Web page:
Color, 1984, 111/116m.
Directed by Dario Argento
Starring Jennifer Connelly, Donald Pleasence, Daria Nicolodi
Happinet (Blu-ray & DVD) (Japan R0 HD/NTSC), Arrow Films (Blu-Ray & DVD) (UK R0 HD/PAL), Anchor Bay (US R1 NTSC), Medusa (Italy R2 PAL) / WS (1.66:1) (16:9), Divid 2000 (UK R2 PAL) / WS (1.78:1) / DD2.0, Dragon (Germany R0 PAL) / WS (1.66):1)
Often cited by critics upon its release as Dario Argento's worst film, this wild and woolly shocker has built up a fiercely loyal fan base over the years. These diverse responses are due to how willing the viewer is to enjoy a film with complete disregard for standard cinematic laws of narrative logic and linear plotting, and it didn't help for many years that the United States only had access to the butchered 82 minutes print, Creepers, which amazingly enough played in US theaters in 1985 under the auspices of New Line (though its gruesome ads were censored in many local papers). While the longer edition may not clarify much in the way of storyline, it does greatly aid the film's pacing and overall effect as the eye and mind are given more time to absorb the bizarre, shocking collision of images and storylines.
On the surface, Phenomena is a return to Suspiria territory with a virginal American girl, Jennifer (future Oscar winner Connelly), arriving at a boarding school for girls in Switzerland. Her awkward habit of sleepwalking gets her into trouble on her first night when she wanders out of her room and witnesses the murder of a schoolmate, and on top of that, it appears she has a telepathic connection to insects. A local Scottish entomologist, John McGregor (Pleasence) tells Jennifer about a string of bizarre serial killings in the area, and with the aid of Jennifer's uncanny powers, they set out to find the murderer. In many ways this film is the perfect stepping stone between the crystal-clear, razor-edged photography of Tenebrae and the baroque hyperactivity of Opera, delivering essentially two split narratives which finally converge in the amazing, excruciatingly violent final half hour.
The eclectic supporting cast also commands attention with appearances by Argento regular and ex-partner Daria Nicolodi (in an astonishingly unflattering, unhinged performance), the icy Dalila Di Lazzarro (Flesh for Frankenstein), and Patrick Bauchau (A View to a Kill) as a nosy police inspector. Add to that top notch make-up effects by Sergio Stivaletti (Demons) and an unsettling score featuring Goblin, Claudio Simonetti, and Simon Boswell, and the result is an undeniably unique and haunting experience. The film boasts a few strange quirks, such as a voiceover narrator inexplicably appearing 15 minutes into the film and a bizarre tendency to rely on heavy metal tunes by Iron Maiden and Motörhead to get the viewers' blood pumping. In many ways, though, these "flaws" can be almost as endearing as the film's good qualities; its sheer daffiness is almost beyond criticism. The off-kilter, dreamlike performances have also drawn critical fire, and again it's a matter of taste. Most unfairly, Phenomena has been termed a work of style over substance with no internal schematics to hold it up. On closer analysis, this simply isn't true. With ruthless precision, Argento dissects the notions of how families can fragment and become distorted-- Jennifer's celebrity father has abandoned her for a year's shooting on a film, her mother left without so much as a goodbye, and the bizarre genetic quirks that explain the identity of the killer(s) reflect Argento's own disintegrating domestic state at the time. Significantly, the film takes place at Passover, with Jennifer attaining a kind of virginal Zen state at the finale after her trial by blood and killing off the firstborn of her nemesis. The clash of languages and dialects (German, French, American) and the placement of the action at the "Richard Wagner School" also indicate that Argento was comparing the idealized notions of what a family should be and how easily it can crumble and destroy its children; Jennifer's early declaration, "Screw the past," quickly comes back to haunt her as the sins of the fathers (and mothers) stalk across the countryside. On a more visceral level, though, the film is also quite entertaining and boasts some of Argento's most delicious shocks, particularly the final scene.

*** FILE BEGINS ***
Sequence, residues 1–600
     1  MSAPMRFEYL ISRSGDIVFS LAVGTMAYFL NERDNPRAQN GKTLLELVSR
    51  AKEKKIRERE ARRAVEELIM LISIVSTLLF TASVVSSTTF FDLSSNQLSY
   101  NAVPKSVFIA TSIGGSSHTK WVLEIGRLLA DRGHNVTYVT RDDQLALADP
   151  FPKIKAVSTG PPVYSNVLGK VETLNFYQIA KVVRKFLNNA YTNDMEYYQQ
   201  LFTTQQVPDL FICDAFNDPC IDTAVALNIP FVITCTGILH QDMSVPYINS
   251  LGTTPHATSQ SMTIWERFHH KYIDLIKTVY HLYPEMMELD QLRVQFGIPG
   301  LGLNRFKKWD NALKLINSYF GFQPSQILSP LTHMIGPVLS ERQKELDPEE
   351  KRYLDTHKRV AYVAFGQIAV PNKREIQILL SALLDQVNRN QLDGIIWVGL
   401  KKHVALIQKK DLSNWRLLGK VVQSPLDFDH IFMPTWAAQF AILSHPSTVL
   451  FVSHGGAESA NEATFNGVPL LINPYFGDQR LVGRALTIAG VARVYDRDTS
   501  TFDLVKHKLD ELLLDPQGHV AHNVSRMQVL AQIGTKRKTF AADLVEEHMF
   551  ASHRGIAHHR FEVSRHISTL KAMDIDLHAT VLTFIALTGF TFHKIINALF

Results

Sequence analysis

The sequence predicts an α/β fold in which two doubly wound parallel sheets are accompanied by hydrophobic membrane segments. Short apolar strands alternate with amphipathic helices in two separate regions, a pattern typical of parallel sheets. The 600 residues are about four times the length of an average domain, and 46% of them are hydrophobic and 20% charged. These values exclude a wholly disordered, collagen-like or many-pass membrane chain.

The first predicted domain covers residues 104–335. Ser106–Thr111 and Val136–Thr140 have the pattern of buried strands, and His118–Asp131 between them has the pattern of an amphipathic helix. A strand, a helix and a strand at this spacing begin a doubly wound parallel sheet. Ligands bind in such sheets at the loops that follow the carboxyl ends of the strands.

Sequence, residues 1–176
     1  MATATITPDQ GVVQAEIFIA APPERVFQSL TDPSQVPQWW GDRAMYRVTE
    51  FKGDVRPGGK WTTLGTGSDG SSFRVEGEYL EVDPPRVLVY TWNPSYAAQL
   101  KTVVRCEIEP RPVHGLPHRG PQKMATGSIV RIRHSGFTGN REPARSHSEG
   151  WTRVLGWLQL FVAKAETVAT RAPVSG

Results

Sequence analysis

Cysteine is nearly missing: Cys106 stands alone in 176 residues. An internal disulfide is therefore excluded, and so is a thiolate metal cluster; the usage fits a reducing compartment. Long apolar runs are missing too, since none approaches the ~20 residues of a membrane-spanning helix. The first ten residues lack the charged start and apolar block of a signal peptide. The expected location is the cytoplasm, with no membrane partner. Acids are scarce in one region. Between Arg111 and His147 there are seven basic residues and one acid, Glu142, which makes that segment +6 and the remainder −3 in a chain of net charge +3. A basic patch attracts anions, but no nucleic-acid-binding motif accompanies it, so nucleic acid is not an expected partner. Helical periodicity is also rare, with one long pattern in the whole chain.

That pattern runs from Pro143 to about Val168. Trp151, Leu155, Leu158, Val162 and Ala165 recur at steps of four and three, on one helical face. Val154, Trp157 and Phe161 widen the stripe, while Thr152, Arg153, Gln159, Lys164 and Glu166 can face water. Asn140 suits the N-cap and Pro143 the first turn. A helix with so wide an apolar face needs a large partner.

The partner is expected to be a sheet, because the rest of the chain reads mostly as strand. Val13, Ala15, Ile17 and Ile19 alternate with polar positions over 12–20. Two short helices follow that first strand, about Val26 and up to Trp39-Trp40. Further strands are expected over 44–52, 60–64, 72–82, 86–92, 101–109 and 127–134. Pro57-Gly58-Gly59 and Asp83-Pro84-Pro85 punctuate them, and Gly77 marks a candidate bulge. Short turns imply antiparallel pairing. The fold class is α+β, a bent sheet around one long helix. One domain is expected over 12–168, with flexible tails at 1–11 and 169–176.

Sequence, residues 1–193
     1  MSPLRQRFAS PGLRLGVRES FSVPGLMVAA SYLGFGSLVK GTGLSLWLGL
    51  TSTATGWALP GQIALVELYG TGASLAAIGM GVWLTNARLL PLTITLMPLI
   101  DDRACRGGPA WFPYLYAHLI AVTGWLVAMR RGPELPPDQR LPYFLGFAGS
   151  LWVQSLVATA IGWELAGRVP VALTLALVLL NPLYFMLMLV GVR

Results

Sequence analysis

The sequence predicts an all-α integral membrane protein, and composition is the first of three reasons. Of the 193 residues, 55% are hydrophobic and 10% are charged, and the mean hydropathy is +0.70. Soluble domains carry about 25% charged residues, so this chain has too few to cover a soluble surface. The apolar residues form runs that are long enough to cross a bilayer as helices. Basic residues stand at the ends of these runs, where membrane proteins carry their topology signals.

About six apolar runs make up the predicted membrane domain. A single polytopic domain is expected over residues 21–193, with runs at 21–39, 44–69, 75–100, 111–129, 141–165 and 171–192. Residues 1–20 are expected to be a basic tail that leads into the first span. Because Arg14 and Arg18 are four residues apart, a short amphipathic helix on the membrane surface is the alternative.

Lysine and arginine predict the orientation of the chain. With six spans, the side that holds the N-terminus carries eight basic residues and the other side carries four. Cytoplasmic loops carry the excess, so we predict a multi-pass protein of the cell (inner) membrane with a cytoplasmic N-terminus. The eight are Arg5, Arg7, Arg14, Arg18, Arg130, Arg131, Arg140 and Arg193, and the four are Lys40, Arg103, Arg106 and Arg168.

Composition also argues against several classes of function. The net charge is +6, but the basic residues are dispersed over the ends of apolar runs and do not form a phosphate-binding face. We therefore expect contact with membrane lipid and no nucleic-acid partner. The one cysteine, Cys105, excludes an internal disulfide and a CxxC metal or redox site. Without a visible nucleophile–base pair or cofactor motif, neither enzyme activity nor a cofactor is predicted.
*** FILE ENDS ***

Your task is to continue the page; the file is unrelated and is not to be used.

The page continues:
Anchor Bay's 1999 DVD was the first out of the gate, with a nearly simultaneous laserdisc from the long defunct Roan Group. This print was a tremendous improvement over the Columbia laserdisc from Japan, a major factor in building the film's '80s fan base, which was well known and beloved by gore fans for ages but suffered from an horrendous sound mix with music blasting out ten times louder than the dialogue and drowning out entire scenes (such as Bauchau's asylum visit). This edition also has its share of idiosyncrasies carried over to almost all future releases; for example, early on when Pleasence unveils a maggot-covered severed head in a glass cage, the moment unfolds with a deafening blast of music on the Japanese disc but contains no music at all here. The commentary by Argento, Stivaletti, and Simonetti is enthusiastic and occasionally helpful but also has a tendency to become completely quiet for long stretches of the film. The feature is followed by a bizarre European trailer and the music video for the cue "Phenomena" (incorrectly identified onscreen as "Jennifer" and credited onscreen to Argento himself, though some sources actually cite Michele Soavi as the director). This odd little treat, also letterboxed, mostly features Connelly running down hallways while Simonetti jams away on his keyboard. The DVD also contains Soavi's video for "The Valley" and the infamous appearance by Argento on New York's The Joe Franklin Show.